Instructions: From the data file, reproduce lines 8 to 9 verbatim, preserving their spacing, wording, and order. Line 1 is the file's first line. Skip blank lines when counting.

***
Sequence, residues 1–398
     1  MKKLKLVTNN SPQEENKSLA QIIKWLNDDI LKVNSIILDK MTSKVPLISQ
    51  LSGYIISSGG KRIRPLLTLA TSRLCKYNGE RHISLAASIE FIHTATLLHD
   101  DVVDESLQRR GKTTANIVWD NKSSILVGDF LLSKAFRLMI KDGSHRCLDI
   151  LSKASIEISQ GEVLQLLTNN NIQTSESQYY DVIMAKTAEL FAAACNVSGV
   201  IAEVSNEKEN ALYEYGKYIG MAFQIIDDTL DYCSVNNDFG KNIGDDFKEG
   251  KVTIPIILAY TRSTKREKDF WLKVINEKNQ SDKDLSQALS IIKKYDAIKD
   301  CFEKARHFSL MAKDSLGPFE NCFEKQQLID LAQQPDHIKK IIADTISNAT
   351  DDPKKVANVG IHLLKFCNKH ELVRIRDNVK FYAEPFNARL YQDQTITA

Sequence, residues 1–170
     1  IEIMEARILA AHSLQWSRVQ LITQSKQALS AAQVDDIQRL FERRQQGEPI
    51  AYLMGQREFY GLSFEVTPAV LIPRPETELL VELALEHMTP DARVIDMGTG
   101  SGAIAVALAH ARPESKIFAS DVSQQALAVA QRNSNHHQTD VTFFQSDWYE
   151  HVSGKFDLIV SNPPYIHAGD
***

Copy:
   301  CFEKARHFSL MAKDSLGPFE NCFEKQQLID LAQQPDHIKK IIADTISNAT
   351  DDPKKVANVG IHLLKFCNKH ELVRIRDNVK FYAEPFNARL YQDQTITA